Uploaded on August 11, 2020
Islam’s spirit of generosity and dignity
Dr Mohammad Manzoor Alam
During the years immediately preceding the conferment of prophethood on Muhammad (PBUH) by Allah the religions of people visiting and praying at the Kaaba were diverse, ranging from idol worship to Christianity (sometimes Judaism) and Sabeanism. There was another distinct group known as the Hanifis. Most of the important Hashimites (the Prophet’s paternal family) are said to have been Hanifis. Even the Prophet’s (PBUH) belief and worship were close to this model.
Who were these Hanifis, or followers of Deen-e-Hanif? They were believers in One Allah and the faith derived its name from Hanif, another name of Abraham, the most assertive monotheist, whom Allah called his khalil (friend). After millennia of his passage through life his children continued to be prophets of Allah, including Moses (Judaism), Jesus Christ (Christianity) and Prophet Muhammad (Islam), whose early ancestor, Ismail (Ishmael) was Abraham’s son.
By following Deen-e-Hanif, the Hanifis were trying to hold on to the Way of Allah as shown by the “Father of Faiths”, Abraham. However, millennia had already passed since Allah’s khalil walked the earth, his footsteps had begun to fade with time as the moment of the Final Prophet’s advent was drawing close and the Final Message of Islam was soon to be delivered. This Final Message, besides its own authority, also recognised the truth of the entire Abrahamic tradition of faiths as valid expressions of Islam in their own time.
In a personally touching way our Prophet (PBUH) used to refer to Abraham as “my grandpa” and held his tradition in greatest esteem. From the globally celebrated Eid-al-Azha to Hajj and from the veneration of the Kaaba to the brisk walk between Safa and Marwa (as done by Abraham’s wife Hajirah [Hagar] in Makkah) are taken from Abraham and his family’s life. Whether we send salaam on our Prophet (PBUH) and his family within salaat or outside it, a mention of Allah’s favours upon Abraham and his family comes in.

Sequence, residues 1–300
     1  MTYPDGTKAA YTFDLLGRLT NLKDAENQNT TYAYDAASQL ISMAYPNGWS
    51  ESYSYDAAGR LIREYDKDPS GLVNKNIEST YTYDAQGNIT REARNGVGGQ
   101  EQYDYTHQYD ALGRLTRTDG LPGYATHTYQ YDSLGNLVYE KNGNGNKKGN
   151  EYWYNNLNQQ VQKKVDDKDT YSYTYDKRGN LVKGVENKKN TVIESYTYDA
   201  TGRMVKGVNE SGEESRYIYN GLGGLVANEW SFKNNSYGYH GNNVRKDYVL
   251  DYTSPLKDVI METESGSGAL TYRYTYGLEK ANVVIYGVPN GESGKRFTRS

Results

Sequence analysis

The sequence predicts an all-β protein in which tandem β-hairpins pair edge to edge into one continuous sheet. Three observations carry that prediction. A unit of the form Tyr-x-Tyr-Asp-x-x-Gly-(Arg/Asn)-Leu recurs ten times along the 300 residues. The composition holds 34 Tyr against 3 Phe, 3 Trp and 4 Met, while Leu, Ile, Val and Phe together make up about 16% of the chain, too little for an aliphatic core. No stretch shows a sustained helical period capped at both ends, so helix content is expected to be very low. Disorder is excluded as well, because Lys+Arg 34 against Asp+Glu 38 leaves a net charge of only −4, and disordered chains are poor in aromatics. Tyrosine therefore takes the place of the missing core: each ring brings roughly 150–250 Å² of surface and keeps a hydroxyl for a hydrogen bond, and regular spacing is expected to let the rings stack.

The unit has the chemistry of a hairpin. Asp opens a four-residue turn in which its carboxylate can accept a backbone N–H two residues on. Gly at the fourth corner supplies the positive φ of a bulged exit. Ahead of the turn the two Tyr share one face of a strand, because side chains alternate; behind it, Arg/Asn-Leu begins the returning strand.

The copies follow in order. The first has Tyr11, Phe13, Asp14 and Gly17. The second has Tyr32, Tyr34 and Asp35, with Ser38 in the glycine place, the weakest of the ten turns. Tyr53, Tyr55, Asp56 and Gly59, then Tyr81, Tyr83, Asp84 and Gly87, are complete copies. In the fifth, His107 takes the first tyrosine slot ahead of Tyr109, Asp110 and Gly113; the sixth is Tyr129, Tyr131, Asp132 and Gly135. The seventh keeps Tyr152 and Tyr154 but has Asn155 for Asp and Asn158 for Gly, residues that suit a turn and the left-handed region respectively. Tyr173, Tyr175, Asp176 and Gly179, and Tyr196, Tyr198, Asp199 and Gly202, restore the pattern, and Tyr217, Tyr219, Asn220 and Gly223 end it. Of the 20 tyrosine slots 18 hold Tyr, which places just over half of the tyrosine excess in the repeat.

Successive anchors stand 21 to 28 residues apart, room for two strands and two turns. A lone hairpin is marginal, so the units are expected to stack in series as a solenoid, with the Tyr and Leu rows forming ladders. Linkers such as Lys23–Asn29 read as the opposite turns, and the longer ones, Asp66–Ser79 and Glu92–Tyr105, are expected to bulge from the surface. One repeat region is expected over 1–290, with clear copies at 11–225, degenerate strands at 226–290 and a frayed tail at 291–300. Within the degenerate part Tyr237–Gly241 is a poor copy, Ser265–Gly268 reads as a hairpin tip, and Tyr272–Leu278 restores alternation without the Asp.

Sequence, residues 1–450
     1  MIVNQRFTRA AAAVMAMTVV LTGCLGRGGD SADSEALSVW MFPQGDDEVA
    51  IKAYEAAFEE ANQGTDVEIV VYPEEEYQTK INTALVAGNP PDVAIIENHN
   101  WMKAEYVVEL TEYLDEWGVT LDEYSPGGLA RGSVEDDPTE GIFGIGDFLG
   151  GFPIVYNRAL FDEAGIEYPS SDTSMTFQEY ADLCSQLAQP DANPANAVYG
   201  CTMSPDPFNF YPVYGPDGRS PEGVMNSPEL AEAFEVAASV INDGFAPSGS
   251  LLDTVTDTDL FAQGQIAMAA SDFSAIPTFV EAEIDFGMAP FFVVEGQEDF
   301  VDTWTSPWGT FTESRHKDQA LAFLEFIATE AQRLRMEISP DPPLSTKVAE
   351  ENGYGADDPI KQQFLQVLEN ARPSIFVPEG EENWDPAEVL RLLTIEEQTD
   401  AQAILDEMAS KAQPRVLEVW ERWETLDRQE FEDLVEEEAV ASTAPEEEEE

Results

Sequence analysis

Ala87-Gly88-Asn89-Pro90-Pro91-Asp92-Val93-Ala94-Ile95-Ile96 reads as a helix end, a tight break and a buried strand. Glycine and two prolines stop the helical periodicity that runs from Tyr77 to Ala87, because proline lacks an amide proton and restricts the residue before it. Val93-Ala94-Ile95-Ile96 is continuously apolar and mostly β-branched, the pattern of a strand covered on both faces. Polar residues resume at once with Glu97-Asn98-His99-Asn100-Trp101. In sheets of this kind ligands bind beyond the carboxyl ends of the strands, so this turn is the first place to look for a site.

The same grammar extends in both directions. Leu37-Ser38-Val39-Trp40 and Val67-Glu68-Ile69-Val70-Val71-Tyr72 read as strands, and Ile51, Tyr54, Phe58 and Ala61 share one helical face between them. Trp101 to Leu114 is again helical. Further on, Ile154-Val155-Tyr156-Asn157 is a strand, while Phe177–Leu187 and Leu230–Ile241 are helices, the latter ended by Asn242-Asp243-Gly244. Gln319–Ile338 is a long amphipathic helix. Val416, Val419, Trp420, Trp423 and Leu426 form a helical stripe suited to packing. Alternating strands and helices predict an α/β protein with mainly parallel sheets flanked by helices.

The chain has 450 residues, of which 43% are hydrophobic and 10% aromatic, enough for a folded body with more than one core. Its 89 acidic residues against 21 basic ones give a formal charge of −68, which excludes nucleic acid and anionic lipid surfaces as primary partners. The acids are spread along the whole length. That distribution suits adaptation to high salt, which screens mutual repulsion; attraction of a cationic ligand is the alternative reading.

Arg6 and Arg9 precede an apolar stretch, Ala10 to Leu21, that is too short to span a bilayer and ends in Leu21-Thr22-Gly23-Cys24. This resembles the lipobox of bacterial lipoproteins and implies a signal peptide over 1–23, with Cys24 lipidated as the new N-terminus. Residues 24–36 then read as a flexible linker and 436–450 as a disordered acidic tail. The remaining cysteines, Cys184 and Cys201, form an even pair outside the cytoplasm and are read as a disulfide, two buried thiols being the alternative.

Abraham’s life and mission on earth are regarded as the most unambiguous declaration of the Unicity and unmixed Authority of Allah. That makes him an early role model for Islam. The Quran vouchsafes for him.
The model of public life of a monotheist he created had great accommodation for the priests and houses of worship of faiths other than monotheism. When such priests visited him for help he made financial contributions to them also. It was this spirit of generosity and regard for the dignity of others that when our Prophet (PBUH) brought the Final Message millennia later, this too demanded that Muslims must show respect to the leaders of other faiths, that jiziya must not be levied on priests of other faiths, their old and infirm.
To explain jiziya briefly, it is a defence tax in an Islamic state on people who do not participate in the state’s defence against outsiders. Muslims being obliged by Islam to wage jihad against enemies, non-Muslims of the state are given an option: either join the army, or pay jiziya. Muslims have no option but to be part of the army, which protects both believers and non-believers in the state.
Abraham, being a Friend of Allah and role model for monotheists over the millennia, is one of the best examples of how to treat people from other faith backgrounds. The following episode from his life is quite illustrative.
Abraham, according to pre-Islamic faith traditions, used to live in a tent that was open on all sides. He had probably other tents also which afforded greater privacy. One of his idiosyncrasies was that he never ate alone. He always made it a point to bring in some passerby or guest to share his meal with him. He was always happy to bring home such persons.
On one occasion, when he was going to put his first morsel in his mouth, he said Allah’s Name on the food to bless it before eating. The visitor said nothing and started eating the food right away. When Abraham asked the visitor why did not he say Allah’s Name on the food the visitor said something which showed it was not his way, or something to the effect. Within the next few moments an angel of Allah came to Abraham with the message that Allah was displeased with Abraham’s insistence on the visitor saying Allah’s Name. The food belonged to Allah and it was for everyone, believer or not. This was a lesson learnt not just by Abraham, but millennia later, by our Prophet (PBUH), and his companions and followers also.
The Prophet (PBUH), his family and companions shared their food with all kinds of passersby and visitors, no questions asked about their faith, no preconditions attached. This is the Islamic spirit of generosity and regard for human dignity.
(To be contd.)